With snow levels way below normal, some Northwest ski teams have been scrambling to find slopes with enough snow to hold their scheduled races.
Competitions scheduled for courses at lower elevations on Mount Hood this weekend were either canceled or moved uphill to ski resorts with higher slopes.
Right now, snow levels across the Cascades are about 70 percent below average, according to Andy Bryant, a hydrologist with the National Oceanic and Atmospheric Administration. Warm weather has precipitation falling as rain rather than snow everywhere but the mountain peaks.
Scientists say we might just have to get used to it.
“We’re looking at the future right now,” said Kathie Dello, associate director of the Oregon Climate Change Research Institute. “With climate change, we’re expecting warmer winters and less snowpack, and that’s what we have this year.”
While you can’t tie this year’s conditions directly to climate change, Dello said, it’s just the kind of winter climate models predict for the Northwest as global temperatures rise.
Scientists are already seeing a long-term trend of shrinking snow pack across the Northwest. Studies have found a 25 percent reduction in snow levels from the middle of last century to 2006.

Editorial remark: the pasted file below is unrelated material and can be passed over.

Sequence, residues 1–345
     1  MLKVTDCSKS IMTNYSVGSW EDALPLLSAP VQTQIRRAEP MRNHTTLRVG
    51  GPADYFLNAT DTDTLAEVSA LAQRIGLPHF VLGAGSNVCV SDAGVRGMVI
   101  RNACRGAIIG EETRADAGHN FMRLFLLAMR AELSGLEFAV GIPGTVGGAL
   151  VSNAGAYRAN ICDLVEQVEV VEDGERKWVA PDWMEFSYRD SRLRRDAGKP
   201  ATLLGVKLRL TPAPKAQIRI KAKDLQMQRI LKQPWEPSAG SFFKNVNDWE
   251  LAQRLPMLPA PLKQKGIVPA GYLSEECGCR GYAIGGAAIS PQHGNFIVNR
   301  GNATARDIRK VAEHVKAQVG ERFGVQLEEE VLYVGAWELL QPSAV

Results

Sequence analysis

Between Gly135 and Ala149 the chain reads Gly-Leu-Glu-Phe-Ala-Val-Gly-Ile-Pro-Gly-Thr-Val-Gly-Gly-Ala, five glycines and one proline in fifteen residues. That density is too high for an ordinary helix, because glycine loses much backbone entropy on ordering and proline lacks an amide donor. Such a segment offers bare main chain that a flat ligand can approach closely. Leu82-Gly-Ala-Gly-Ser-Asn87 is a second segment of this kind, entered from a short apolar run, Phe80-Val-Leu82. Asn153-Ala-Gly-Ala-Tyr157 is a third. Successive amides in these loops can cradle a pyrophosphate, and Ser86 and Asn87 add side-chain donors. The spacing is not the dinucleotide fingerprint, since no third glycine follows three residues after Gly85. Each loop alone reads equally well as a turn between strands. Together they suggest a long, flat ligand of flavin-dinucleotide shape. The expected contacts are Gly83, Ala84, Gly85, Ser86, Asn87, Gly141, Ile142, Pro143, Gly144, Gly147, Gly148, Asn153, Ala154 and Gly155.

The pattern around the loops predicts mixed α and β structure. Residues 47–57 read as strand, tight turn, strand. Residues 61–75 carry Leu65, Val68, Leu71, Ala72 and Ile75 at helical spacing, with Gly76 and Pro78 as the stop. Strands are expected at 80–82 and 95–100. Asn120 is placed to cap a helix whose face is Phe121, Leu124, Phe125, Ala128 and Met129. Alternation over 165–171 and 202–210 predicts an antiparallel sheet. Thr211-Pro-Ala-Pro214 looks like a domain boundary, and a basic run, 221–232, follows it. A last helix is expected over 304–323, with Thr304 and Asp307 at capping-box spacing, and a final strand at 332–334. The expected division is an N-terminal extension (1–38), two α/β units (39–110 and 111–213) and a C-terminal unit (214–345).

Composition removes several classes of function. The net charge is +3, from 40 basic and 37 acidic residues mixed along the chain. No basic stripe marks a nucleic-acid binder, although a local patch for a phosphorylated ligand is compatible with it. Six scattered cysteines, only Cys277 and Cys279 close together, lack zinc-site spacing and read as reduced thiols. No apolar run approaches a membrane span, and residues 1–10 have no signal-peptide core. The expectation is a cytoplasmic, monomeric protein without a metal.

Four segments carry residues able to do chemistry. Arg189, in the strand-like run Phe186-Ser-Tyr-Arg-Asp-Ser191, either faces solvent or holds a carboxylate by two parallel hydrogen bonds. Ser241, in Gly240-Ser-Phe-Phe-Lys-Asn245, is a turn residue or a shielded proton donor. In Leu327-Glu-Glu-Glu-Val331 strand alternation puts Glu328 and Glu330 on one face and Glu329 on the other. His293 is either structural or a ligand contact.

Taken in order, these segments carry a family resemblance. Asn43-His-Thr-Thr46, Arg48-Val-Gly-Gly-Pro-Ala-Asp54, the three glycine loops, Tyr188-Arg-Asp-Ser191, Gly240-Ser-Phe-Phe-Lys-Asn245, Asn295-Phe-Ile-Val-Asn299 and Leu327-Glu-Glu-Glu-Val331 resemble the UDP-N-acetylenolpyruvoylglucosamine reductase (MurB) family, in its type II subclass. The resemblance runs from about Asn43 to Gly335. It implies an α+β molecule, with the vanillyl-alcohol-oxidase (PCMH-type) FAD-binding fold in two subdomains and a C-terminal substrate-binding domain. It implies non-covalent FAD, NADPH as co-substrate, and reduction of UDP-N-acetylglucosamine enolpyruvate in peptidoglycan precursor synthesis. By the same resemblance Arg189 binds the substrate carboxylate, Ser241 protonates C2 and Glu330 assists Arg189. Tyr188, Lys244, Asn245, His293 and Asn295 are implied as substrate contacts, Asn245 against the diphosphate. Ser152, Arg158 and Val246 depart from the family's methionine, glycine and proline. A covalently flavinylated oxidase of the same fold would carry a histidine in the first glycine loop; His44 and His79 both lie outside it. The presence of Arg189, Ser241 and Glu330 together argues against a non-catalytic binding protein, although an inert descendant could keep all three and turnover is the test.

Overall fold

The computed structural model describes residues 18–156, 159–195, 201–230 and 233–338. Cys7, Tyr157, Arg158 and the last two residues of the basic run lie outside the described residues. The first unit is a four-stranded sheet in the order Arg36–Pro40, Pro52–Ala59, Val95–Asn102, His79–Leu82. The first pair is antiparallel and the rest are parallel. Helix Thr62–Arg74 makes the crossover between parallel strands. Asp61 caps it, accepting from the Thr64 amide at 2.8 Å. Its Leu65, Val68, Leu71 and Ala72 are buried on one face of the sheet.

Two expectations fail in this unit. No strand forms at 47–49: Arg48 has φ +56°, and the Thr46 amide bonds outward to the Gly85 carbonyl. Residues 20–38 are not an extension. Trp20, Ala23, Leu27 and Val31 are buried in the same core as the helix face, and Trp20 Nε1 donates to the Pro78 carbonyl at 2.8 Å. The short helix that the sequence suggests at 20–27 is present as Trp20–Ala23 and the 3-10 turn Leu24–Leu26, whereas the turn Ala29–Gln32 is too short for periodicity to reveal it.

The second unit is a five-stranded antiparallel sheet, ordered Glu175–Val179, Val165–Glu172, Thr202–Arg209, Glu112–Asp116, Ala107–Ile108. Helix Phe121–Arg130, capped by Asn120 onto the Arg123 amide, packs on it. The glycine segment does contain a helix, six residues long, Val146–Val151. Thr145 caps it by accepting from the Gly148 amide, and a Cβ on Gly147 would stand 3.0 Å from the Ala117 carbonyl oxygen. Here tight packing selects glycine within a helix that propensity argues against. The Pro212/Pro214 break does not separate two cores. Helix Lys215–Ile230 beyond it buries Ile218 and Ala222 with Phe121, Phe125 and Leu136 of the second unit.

“Snow is really the smoking gun of climate change in the Northwest,” Dello said. “It’s where we really see it. With low- to mid-elevation snow pack, just a few degrees of warming makes that transition into more rain and less snow.”
Other weather conditions also influence snow levels and winter temperatures, said Amy Snover, director of the Climate Impacts Group at the University of Washington.
That’s why the Northwest can still expect to see big snow years – even with climate change. Natural weather variability is likely more responsible for this year’s lack of snow than climate change, Snover said. But over time the climate will play a bigger role in how much snow falls in the Northwest.
“As we move forward in time, the contribution of greenhouse gases is going to get bigger and bigger and bigger,” she said. “So for this amount of low snow pack in the future a lot more of it is going to be caused by greenhouse gases and it’s going to happen a lot more frequently.”
Snover said scientist are seeing other long-term trends such as nighttime heat waves and longer frost-free seasons that suggest climate change is already affecting the Northwest.
Low snow pack can lead to water shortage problems, drought and more wildfires come spring and summer, but Bryant said there’s still plenty of time left in the season for more snow to fall before those consequences are imminent.
“Certainly, we’re not too late at this point,” he said. “We can get significant snow in the Cascades all the way through April.”